Weskarini Algonquin First Nation

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Also known as Wàwàckeciriniwak ("people of the deer[-clan]"), the Algonquian Proper, La Petite Nation, Little Nation, Ouaouechkairini, Ouassouarini, Ouescharini, Ouionontateronon (Wyandot language), or Petite Nation. They have been confused with the Petun in some writings, but are in fact a separate group. Their traditional homeland is located on the north side of the Ottawa River along the Lievre River and the Rouge River in Quebec. They also lived near Petite-Nation River which is so named in reference to the Weskarini.

The Weskarini had good trade relations with the Wyandot (Huron) in their region before and during the early colonial period.[1]

Relations with the French[edit]

At the time of first contact with French settlers, the Weskarini traded at the mouths of the St. Maurice, Dumoine, and Gatineau Rivers.[2] Initially allied with the French during the early colonial period,[3] many Weskarini intermarried with French settlers.

Conflicts and the Scattering of the People[edit]

The Weskarini were also allied with the Arendahronon (Rock Tribe/Clan) Huron. These groups often wintered together,[4] and both groups engaged in conflicts with the Iroquois. Many Weskarini eventually moved to Trois-Rivières to seek help from the Jesuits. The Jesuits offered protection only to those who converted to Catholicism. During a major Iroquois offensive in 1652, the main band of Weskarini fled north from the Ottawa River. Many were massacred near their sacred Mont Tremblant, deep inside their ancestral territory.[5]

Sacred Places[edit]

Manitonga Soutana: Known as Mont Tremblant, this contemporary French name references the sacred mountain known as Manitou Ewitchi Saga, the mountain of the great god, or Manitonga Soutana, the mountain of the spirits. This sacred place trembles when humans make too many changes to the natural order of things.[6]

Migizi Kiishkaabikaan: Also known as Oiseau Rock or Bird Rock. This rock, located in Oiseau Bay, is covered with many petroglyphs.[7]

Contemporary Weskarini[edit]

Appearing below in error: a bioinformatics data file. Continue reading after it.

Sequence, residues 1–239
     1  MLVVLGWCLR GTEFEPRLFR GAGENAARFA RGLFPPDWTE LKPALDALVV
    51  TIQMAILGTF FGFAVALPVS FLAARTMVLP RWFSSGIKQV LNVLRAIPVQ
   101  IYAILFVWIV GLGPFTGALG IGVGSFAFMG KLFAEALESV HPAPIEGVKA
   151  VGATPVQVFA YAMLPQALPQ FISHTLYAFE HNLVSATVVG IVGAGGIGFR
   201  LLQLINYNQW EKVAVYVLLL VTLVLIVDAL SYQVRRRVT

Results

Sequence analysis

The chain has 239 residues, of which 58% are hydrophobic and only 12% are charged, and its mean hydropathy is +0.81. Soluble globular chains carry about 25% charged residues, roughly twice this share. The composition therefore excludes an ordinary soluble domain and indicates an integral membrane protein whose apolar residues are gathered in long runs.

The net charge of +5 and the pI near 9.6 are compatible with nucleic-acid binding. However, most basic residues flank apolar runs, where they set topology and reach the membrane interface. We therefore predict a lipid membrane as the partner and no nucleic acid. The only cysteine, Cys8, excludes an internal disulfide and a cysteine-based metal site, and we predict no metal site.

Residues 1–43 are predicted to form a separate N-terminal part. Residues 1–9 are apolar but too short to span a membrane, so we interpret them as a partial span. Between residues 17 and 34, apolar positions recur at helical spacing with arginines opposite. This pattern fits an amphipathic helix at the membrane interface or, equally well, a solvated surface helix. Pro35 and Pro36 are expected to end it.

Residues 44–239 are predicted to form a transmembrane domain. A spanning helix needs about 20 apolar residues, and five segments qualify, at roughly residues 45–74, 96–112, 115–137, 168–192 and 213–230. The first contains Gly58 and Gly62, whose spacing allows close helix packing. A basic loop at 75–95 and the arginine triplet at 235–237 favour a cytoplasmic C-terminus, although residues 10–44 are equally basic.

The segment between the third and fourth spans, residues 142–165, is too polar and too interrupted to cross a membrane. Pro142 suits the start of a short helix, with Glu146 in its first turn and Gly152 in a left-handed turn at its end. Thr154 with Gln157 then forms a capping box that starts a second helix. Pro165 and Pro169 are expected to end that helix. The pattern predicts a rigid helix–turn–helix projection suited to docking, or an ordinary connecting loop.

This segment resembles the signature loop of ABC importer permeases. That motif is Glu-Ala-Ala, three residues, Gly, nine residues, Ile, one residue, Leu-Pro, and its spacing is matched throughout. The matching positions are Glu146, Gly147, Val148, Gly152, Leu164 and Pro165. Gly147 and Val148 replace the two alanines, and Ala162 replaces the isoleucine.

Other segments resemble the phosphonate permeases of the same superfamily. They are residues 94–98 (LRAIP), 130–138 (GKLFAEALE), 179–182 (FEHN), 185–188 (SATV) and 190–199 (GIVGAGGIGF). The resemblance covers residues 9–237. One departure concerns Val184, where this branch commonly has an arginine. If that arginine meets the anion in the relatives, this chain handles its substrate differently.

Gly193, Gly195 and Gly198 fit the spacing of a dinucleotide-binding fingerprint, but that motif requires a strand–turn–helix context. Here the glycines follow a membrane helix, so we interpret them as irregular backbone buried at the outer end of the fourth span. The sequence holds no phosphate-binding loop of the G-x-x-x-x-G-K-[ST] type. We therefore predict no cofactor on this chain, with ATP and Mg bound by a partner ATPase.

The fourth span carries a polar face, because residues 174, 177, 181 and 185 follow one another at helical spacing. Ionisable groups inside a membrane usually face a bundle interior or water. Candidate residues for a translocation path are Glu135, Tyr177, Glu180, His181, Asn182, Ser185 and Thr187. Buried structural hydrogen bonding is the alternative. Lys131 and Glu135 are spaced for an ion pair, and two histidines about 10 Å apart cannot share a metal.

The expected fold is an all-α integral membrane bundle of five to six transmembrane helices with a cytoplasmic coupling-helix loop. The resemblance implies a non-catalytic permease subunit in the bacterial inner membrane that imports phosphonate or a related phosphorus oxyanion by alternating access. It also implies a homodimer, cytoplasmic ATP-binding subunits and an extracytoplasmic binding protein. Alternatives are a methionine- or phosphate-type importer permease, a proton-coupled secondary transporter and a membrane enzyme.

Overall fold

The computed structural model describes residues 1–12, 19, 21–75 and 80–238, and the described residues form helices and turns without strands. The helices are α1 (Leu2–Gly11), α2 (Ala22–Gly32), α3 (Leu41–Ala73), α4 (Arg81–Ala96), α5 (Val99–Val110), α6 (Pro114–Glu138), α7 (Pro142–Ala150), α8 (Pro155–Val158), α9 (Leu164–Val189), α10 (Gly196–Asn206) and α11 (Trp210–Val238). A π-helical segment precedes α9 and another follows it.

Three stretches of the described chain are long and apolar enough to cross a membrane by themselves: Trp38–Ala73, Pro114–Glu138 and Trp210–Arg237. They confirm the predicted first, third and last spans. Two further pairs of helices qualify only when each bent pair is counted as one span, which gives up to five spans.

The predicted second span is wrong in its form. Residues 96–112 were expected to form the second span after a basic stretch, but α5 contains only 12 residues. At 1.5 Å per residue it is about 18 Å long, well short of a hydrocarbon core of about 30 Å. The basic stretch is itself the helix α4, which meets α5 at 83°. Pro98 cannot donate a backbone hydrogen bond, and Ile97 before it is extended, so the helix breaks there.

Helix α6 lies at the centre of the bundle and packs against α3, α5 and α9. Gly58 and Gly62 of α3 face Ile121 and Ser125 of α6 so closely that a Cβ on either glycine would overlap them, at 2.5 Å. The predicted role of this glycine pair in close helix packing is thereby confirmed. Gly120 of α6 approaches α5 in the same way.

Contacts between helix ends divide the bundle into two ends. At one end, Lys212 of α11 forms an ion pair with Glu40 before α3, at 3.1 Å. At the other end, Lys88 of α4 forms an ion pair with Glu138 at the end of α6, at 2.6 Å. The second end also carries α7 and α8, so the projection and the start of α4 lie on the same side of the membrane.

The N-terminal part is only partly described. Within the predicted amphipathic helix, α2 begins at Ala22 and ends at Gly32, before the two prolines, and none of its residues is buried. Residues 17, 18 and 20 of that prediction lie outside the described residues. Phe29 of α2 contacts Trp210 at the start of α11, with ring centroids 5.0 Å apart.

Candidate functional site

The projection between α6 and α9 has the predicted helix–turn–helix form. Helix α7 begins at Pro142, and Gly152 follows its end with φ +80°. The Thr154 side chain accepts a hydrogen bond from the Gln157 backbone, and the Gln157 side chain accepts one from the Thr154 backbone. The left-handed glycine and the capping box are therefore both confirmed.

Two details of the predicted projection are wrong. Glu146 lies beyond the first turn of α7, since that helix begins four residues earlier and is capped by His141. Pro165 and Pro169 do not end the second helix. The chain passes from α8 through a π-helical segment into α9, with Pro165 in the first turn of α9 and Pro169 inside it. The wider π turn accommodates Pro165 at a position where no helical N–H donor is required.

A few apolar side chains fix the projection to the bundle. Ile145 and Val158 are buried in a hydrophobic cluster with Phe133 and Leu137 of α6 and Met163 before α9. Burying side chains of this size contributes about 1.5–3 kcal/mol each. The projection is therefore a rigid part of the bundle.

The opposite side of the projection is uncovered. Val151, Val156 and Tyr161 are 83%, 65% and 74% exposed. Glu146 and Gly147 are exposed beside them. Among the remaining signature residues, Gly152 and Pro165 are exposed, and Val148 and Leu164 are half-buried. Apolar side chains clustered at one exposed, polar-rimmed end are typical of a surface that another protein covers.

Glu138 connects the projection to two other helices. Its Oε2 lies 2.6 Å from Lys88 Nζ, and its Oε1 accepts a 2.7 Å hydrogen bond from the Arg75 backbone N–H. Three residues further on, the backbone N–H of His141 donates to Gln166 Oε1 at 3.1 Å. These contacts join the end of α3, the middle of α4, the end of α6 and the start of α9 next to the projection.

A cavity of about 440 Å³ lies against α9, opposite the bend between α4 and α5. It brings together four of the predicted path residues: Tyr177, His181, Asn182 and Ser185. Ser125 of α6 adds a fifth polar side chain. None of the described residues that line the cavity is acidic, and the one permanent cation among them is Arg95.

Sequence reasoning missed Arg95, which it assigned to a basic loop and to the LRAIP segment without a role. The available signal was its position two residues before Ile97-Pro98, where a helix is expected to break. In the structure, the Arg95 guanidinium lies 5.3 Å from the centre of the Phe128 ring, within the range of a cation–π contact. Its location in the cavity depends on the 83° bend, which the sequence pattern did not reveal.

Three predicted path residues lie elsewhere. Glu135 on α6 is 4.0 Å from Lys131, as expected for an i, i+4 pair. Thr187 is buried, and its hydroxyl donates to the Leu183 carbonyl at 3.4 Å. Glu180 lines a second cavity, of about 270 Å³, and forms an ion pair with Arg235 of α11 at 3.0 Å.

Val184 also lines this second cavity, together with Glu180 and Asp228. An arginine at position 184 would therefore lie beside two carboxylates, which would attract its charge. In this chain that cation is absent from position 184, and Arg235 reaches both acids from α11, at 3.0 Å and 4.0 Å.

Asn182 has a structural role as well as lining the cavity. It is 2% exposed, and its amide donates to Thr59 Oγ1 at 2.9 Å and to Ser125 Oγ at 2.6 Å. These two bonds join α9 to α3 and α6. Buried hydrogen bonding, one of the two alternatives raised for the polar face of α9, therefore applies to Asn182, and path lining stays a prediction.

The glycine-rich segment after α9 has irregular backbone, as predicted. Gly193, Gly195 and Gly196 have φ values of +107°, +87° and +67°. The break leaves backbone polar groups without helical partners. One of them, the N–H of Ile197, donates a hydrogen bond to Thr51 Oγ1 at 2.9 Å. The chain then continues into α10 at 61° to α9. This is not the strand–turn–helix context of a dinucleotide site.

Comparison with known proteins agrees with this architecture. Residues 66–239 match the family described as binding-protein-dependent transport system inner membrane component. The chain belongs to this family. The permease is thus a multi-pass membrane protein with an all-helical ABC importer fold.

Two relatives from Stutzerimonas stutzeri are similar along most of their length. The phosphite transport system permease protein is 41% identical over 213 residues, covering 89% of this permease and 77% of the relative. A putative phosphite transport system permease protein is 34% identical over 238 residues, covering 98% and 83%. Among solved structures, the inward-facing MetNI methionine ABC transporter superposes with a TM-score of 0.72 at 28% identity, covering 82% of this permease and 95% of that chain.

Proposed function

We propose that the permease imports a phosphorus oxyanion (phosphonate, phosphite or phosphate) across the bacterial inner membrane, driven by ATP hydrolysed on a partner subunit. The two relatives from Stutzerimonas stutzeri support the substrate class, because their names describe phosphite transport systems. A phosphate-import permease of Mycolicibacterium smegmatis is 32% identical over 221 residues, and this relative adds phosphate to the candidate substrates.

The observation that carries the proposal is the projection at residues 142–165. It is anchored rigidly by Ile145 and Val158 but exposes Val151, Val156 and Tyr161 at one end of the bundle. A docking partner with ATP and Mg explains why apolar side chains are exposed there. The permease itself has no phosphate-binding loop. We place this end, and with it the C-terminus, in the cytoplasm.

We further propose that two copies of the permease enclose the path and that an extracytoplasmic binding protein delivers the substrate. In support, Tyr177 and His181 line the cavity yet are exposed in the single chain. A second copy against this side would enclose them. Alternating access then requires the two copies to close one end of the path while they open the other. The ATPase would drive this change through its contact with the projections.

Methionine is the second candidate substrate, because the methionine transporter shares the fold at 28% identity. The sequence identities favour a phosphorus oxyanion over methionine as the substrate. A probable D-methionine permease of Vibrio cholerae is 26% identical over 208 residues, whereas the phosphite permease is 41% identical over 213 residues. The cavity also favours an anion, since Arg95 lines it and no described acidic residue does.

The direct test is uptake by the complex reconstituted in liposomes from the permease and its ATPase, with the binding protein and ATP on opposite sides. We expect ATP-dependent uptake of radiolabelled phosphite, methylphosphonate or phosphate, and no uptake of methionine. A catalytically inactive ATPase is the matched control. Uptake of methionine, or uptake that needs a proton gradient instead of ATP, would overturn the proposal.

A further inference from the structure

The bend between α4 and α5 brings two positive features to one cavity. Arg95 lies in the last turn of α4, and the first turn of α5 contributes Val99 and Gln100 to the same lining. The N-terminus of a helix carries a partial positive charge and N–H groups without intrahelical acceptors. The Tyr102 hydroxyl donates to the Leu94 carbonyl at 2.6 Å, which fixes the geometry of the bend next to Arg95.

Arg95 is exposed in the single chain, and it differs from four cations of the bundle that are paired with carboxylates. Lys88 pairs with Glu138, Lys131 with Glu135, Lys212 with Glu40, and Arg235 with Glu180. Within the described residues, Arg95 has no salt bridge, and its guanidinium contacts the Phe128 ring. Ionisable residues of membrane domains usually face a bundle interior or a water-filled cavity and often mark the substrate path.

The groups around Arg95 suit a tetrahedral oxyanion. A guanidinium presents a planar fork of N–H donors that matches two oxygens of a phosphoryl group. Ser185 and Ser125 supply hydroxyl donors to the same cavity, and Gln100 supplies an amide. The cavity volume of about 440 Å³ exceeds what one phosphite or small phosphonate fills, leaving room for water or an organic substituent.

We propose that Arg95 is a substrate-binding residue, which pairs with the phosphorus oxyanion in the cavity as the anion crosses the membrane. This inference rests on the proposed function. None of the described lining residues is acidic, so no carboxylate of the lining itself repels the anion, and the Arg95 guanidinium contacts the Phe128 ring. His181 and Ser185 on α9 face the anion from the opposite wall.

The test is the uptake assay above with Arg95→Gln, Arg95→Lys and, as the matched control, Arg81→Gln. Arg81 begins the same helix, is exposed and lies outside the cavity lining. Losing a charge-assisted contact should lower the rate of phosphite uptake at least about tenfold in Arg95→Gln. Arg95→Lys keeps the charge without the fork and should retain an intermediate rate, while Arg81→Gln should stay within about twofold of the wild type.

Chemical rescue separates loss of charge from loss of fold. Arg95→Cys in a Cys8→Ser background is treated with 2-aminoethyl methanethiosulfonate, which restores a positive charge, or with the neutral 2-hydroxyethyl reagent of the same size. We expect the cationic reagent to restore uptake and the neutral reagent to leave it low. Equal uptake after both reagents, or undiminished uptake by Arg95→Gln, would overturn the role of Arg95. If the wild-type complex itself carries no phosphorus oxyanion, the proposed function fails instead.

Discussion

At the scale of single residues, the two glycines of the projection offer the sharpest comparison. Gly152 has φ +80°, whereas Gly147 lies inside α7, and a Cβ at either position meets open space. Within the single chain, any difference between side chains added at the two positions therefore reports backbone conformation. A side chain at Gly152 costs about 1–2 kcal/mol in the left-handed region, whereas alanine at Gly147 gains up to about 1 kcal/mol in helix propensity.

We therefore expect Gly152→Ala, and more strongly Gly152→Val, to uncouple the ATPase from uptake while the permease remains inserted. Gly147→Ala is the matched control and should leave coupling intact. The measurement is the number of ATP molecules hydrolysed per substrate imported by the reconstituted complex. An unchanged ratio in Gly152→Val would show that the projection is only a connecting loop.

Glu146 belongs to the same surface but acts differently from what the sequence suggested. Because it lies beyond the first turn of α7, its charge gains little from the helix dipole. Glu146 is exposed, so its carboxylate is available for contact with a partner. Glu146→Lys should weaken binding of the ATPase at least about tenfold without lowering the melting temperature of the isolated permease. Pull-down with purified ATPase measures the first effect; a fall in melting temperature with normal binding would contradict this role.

Today, many Weskarini descendants (some of whom primarily consider themselves Metis, others identifying as Weskarini) work to rebuild their knowledge of the Algonquin language and shared cultural identity. Some contemporary Weskarini express concerns over the ongoing development of sacred Manitonga Soutana, the destruction of land and water in unceded territory, and the appropriation and trademarking of the Weskarini name by developers in the area.


  1. ^ Magocsi, ed. by Paul Robert (2002). Aboriginal peoples of Canada : a short introduction. Toronto [u.a.]: Univ. of Toronto Press. pp. 49–51. ISBN 0-8020-3630-9.CS1 maint: Extra text: authors list (link)
  2. ^ Pendergast, James F. (1999). "The Ottawa River Algonquin Bands". Canadian Journal of Archaeology. 23: 63–136.
  3. ^ Graham, J. Naming the Laurentians.
  4. ^ Tooker, Elisabeth (1991). An ethnography of the Huron Indians : 1615-1649 (Syracuse University Press ed.). Syracuse, NY: Syracuse Univ. Press. ISBN 9780815625261.
  5. ^ Rainey, Gordon. "Laurentian Heritage Magazine". First Nation, First Blood.
  6. ^ "Banque de noms de lieux du Québec". Commission de toponymie Quebec. Retrieved December 9, 2017. (in French)
  7. ^ Hoelke, Charlotte (Spring 2011). "The Excluded Algonquin Narrative of the Ottawa Valley" (PDF). Capital Issues: Missing Narratives from Canada's National Capital. Capstone Smeinar series. 1 (1): 3-1.